The new 911 features more innovative lightweight components than ever before. The consistently evolved composite design – which now consists of more aluminium, less steel and new composite materials – achieves the extraordinary feat
of further reducing the weight of the car, particularly in the cabriolet model by around 7%, without making any compromises in terms of stability, rigidity and safety.
To achieve this, Porsche developers took a different approach by using different plastic materials to create a hybrid design in the A-pillar that guarantees a high degree of occupant protection in the event of the vehicle overturning.
This innovative solution replaces the previous tube reinforcements made of super high strength steel. The greatest benefit being that the new reinforcement cuts the overall weight by 2.7 kilogrammes and also lowers the centre of
gravity. Both initiatives have a direct impact on the outstanding handling dynamics of the car.
The composite component consists of three elements: a so-called Organo sheet, additional die-cast ribs and a structural foam. Organo sheets are pre-fabricated, extremely sturdy semi-finished products made of fibre-glass reinforced
plastic. These sheets are cut and reformed as part of a multi-stage process for use in the 911 Cabriolet. In the same process step, the component is equipped with a ribbed pad made of die-cast plastic. In the last process step,
an additional layer of structural foam is added to the hybrid component. This layer expands when exposed to heat during the painting process to thus secure the reinforcement within the A-pillar cross-section. The A-pillar itself
consists of super high strength sheet metal components such as boron steel.
An increase in the amount of aluminium used lies at the core of the evolved, lightweight design of the new 911 generation – in both the Coupé and the Cabriolet. Apart from the front and rear aprons, the outer skin is now made entirely
from this light alloy.
The new door design – made exclusively from aluminium sheet – reduces the weight of the bodyshell without negatively impacting stability and quality. The high degree of toolmaking competence at Porsche is also evident in the sidewall
of the Coupé, which is now made of aluminium to cut the overall weight by approximately twelve kilogrammes. This posed the challenge of developing the right tools and processes for the job as, compared with steel sheet, there is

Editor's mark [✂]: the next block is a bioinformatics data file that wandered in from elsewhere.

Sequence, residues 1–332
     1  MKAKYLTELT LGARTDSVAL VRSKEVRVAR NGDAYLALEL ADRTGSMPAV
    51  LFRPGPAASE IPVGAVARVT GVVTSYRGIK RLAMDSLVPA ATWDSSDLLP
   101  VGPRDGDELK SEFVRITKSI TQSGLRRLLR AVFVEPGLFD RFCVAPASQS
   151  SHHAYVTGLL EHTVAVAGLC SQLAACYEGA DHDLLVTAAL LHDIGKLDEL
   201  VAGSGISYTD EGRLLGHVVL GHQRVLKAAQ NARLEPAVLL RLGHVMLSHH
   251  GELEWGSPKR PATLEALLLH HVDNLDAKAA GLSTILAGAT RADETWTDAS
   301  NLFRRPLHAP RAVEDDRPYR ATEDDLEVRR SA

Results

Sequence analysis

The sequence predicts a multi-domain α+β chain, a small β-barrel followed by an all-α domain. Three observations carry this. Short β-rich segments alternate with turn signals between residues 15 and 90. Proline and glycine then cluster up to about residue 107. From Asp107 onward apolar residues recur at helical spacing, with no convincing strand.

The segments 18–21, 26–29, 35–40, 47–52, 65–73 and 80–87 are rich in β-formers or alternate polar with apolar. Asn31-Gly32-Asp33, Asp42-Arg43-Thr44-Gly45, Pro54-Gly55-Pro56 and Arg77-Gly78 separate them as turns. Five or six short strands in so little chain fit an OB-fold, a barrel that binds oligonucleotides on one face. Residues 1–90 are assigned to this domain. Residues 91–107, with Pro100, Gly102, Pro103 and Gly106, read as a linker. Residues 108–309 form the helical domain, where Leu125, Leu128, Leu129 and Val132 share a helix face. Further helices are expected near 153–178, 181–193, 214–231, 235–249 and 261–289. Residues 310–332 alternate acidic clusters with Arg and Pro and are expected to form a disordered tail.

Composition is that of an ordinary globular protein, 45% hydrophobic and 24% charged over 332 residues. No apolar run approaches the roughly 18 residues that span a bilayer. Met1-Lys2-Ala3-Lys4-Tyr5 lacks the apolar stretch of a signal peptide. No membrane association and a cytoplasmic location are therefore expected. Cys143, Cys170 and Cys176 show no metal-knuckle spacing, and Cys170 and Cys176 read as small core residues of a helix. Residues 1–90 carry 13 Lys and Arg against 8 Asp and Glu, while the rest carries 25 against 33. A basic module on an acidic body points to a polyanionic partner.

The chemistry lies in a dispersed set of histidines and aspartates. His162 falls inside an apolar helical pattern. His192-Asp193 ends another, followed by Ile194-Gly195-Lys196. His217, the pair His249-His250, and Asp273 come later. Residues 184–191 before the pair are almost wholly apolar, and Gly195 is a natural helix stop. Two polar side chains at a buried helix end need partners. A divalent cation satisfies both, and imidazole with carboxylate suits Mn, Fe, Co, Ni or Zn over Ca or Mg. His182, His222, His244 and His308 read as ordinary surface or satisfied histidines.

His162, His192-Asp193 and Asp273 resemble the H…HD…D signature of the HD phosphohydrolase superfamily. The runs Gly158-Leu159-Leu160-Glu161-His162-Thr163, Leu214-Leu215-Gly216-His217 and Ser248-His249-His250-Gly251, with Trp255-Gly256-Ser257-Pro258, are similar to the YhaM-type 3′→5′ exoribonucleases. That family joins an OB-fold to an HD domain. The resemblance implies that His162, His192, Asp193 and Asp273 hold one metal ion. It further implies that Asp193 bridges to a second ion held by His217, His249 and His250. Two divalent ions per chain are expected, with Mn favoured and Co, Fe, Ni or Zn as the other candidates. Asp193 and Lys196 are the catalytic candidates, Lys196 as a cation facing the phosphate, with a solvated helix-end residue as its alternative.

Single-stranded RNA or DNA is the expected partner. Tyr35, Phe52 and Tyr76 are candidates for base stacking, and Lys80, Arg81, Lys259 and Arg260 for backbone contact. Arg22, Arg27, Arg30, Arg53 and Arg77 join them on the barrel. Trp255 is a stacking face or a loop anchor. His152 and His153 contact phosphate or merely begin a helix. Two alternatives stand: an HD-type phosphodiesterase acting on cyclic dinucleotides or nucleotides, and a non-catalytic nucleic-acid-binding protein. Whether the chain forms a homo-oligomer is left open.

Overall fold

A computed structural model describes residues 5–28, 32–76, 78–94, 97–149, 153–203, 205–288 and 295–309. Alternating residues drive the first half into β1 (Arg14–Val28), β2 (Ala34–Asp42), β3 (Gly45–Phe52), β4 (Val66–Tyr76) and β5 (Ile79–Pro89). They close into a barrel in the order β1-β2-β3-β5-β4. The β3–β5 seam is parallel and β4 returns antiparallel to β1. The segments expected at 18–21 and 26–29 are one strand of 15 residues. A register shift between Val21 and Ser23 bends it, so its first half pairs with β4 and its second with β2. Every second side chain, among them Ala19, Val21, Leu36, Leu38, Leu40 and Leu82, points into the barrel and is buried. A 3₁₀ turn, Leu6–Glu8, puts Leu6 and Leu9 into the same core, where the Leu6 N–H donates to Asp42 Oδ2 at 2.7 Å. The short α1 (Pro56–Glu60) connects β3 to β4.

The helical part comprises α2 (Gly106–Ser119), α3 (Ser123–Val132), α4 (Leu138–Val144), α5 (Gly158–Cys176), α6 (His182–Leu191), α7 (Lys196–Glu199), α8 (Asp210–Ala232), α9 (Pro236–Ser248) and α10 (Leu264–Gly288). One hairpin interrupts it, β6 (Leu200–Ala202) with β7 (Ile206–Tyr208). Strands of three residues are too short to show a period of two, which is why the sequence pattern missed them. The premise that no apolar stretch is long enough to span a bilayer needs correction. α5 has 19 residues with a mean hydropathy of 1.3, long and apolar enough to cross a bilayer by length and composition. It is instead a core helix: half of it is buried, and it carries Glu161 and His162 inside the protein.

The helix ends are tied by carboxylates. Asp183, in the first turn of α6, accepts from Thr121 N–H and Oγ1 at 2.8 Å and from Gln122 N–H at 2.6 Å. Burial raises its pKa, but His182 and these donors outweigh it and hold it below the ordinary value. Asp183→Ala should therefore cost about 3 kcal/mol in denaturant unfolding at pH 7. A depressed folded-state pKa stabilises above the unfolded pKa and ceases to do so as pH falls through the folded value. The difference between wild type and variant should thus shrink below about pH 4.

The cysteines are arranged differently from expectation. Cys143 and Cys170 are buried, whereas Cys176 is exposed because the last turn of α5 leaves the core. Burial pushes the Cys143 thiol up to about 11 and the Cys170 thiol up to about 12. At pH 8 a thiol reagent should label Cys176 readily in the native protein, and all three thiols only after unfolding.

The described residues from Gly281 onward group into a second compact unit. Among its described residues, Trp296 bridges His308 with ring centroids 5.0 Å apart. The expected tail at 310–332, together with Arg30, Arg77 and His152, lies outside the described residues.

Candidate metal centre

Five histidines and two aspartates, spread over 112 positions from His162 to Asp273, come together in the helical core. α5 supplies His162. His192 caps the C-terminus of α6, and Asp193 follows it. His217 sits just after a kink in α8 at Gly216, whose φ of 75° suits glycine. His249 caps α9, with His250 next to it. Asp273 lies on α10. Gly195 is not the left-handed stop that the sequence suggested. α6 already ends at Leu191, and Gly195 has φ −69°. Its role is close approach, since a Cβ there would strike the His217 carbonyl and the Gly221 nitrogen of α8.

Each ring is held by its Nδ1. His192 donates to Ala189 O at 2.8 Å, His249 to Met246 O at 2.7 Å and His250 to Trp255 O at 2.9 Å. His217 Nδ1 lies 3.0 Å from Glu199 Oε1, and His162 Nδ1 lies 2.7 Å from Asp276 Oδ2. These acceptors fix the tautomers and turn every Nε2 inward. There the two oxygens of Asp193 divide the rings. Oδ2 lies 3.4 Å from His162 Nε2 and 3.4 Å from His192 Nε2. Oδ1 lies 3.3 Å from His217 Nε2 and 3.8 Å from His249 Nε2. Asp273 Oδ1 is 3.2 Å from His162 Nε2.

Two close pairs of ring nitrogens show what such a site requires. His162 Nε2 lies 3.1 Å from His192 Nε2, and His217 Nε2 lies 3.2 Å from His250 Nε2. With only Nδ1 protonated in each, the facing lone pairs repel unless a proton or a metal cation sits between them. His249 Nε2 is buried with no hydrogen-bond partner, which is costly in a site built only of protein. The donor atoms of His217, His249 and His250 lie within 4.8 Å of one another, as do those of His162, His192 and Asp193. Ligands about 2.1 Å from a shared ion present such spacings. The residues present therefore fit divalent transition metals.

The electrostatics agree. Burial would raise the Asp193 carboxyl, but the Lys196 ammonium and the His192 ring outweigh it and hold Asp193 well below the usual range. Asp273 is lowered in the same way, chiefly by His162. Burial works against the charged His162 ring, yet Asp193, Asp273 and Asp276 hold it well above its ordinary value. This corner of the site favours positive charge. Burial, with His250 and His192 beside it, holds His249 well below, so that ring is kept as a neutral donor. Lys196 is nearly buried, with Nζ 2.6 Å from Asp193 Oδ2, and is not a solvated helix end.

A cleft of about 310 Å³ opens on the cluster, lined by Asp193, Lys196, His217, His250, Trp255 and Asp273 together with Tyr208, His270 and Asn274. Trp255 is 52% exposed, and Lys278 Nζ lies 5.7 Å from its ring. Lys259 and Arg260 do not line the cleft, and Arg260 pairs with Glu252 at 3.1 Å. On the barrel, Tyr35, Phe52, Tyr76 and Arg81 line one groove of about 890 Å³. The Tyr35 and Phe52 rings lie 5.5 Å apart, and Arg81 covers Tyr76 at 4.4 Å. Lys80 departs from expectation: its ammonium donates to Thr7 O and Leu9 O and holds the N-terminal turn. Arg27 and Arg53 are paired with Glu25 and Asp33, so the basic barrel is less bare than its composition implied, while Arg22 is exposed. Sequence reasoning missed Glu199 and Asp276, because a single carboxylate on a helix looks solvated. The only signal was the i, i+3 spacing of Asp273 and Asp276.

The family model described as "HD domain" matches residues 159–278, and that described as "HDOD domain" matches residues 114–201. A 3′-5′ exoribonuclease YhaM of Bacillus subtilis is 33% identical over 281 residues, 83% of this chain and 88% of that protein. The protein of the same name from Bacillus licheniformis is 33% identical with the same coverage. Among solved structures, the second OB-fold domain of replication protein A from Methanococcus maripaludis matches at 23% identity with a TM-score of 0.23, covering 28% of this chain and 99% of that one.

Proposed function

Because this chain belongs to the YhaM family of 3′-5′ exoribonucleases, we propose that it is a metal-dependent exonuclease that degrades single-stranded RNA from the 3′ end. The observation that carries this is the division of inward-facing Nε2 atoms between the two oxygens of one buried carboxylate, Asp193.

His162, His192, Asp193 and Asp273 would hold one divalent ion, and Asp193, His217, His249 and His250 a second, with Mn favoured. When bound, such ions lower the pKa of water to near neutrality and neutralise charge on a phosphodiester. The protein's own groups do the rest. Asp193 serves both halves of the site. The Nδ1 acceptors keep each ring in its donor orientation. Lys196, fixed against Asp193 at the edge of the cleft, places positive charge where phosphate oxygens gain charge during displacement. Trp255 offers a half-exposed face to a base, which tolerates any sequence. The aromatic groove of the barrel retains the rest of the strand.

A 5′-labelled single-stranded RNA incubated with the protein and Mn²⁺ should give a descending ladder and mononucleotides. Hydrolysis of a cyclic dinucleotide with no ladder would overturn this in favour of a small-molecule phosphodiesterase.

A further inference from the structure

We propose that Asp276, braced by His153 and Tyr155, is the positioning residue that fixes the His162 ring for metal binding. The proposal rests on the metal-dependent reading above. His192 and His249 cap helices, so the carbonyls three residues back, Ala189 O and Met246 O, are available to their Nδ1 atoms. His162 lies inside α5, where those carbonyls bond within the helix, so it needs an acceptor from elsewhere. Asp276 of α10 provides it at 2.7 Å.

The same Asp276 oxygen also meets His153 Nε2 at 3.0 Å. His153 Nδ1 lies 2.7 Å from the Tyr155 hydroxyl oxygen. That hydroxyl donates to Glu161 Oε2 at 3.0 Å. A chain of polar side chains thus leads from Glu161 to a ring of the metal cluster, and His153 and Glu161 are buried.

a significantly higher risk of tearing when drawing light alloys. A draw depth of around 30 centimetres is achieved during production of the 911 Coupé’s side wall.
In addition to high-strength steels, more extruded aluminium profiles were also used in the bodyshell, such as for the front and rear longitudinal members, inner and outer door sills and floor reinforcements. Their share has been increased
from three to 25%. Porsche also uses more die-cast aluminium parts in the new 911, for instance as part of the front spring strut mount, rear tunnel housing, rear longitudinal members and impact absorber mounts. The benefit of
die-casting is that even complex, geometrical components can be produced as one single component. Reinforcements or screw connections no longer have to be produced and welded individually. As a result, the component not only becomes
lighter, but production steps also become obsolete, making production more efficient. Up to now, one disadvantage of aluminium die-cast parts had been the necessary thermal treatment following die-casting. This step is required
to lend components the desired material properties that are crucial for crash performance, for example.
Thermal treatment therefore represented a separate and thus energy and time-consuming step in the production process. In the new 911, Porsche now utilises the temperatures generated during painting processes to perform final treatment
of die-cast parts.
Materials and production processes define the ideal connection technology: welding, bonding, clinching, screw connections – no less than ten methods are involved in assembling the body of a new 911. One new feature, for example, is
friction welding with countersunk head bolts to link components made of aluminium and steel. In this process, the steel bolt is pressed through the aluminium at such a high speed that friction causes the countersunk head bolts
to merge with the steel component, creating a particularly strong connection.